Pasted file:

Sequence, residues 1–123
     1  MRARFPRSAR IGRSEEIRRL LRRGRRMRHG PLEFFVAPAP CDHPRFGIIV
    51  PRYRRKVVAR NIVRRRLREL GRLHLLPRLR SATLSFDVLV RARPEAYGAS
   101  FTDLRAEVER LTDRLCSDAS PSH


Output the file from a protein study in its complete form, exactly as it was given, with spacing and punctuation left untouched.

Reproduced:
Sequence, residues 1–123
     1  MRARFPRSAR IGRSEEIRRL LRRGRRMRHG PLEFFVAPAP CDHPRFGIIV
    51  PRYRRKVVAR NIVRRRLREL GRLHLLPRLR SATLSFDVLV RARPEAYGAS
   101  FTDLRAEVER LTDRLCSDAS PSH